Serves 4-6

Swedish Meatballs

Swedish Meatballs | Culinary Compost Recipes

This recipe is a hands-down favorite in my family. My grandmother was Swedish, and her recipe was very similar to this. The kids request it about once a month. The key to making this a success is browning the meatballs until they have a really great crust, AND creating a proper roux for the gravy. If you rush it, the gravy will be flat and taste of flour and sour cream. Patience and a good eye are key. The recipe is a fair amount of work, but definitely worth the effort. Leftovers keep wonderfully.




For the Meatballs—
1-1/2 to 2 lbs. lean ground chuck
1/2 cup chopped onion
3/4 cup dried bread crumbs
1 tbs. dried parsley
1-1/2 tsp. salt
1/8 tsp. pepper
1 tsp. Worchestershire sauce
1 egg, beaten
1/4 to 1/2 cup of milk
3 tbs. real butter
1 tbs. beef base

For the Sauce—
2-3 tbs. drippings from meatballs
1 stick salted butter
1/4 cup flour (plus an additional 2 tbs. if necessary)
1 tsp. paprika
1 tsp. salt
1/8 tsp. pepper
3 cups water
3/4 cup sour cream
1/2 tbs. beef base
2 tsp. Kitchen Bouquet browning mix

3/4 package large egg noodles



Mix the meat ingredients well by hand in large mixing bowl. Pat out into medium sized meatballs. Brown well in a large, heavy cast-iron skillet, working in batches. Drain fat off and reserve. Place meatballs aside in Dutch oven, covered on low heat.

Preheat oven to 300 degrees.

Reserve 2-3 tbs. of the meat drippings in the skillet and reduce the heat to medium-low. DO NOT burn the flour in the next step, or it will taste bitter. Add the butter until melted, then add the flour and mix well with a large flat spatula to form a paste. Keep mixing constantly, and increase heat to medium for about 10-15 minutes to form a golden roux as a base for the gravy. Add the paprika, salt, pepper, water, beef base. Bring the mix up to a simmer and add the sour cream. Add the Kitchen Bouquet while stirring constantly. Check the seasoning and add to the Dutch oven when gravy is the desired consistency. (I keep mine a bit thick as it seems to thin out after baking.)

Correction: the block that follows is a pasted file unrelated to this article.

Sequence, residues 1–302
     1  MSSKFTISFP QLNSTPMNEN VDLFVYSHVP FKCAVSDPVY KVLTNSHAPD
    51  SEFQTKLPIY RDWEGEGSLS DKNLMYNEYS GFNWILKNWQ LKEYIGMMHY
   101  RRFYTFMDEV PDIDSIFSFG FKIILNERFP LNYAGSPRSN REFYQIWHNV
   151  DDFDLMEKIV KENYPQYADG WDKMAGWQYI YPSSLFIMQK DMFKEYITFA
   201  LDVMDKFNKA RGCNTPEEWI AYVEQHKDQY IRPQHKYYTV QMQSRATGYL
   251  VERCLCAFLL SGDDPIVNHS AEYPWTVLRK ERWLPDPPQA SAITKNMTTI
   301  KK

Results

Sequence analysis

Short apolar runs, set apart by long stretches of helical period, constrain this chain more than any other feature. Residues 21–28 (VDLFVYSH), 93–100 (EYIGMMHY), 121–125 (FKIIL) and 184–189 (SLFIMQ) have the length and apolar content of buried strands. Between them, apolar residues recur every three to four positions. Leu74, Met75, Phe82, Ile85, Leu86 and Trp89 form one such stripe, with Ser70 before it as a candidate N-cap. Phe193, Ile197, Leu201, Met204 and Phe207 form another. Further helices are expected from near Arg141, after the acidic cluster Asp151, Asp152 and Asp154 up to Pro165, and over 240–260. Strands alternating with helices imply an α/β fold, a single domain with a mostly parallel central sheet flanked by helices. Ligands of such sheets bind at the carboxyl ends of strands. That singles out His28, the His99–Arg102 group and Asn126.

Bake covered for 1 hour, stirring once at 1/2 hour.

Remove from oven, stir and let stand for five minutes. Serve over egg noodles.

If you are delayed and need more time, you can reduce the heat of the oven after one hour to 200 degrees or less, with the same fantastic results.

Serves 6.

Swedish Meatballs | Culinary Compost Recipes

Brown the meatballs by working in batches. Two pounds of ground chuck will yield about three pan’s worth of one-inch meatballs; roughly forty to forty-two. Note the nice browned crust, which really adds to the flavor of the gravy made in the next step.

Authentic Swedish Meatballs - preparing the roux for the gravy

Time and patience are needed to prepare a proper roux. The dark color comes from the browned flour and crusty bits left over from the meatballs and onion. The rendered fat is liquid gold, so make sure you save a few tablespoons for the gravy. Wait to season it until you prepare the gravy, so you can check and adjust the flavor.

Authentic Swedish Meatballs - preparing the gravy

Leave yourself about a half hour to prepare the gravy. It should be reduced slightly and have a velvety sheen.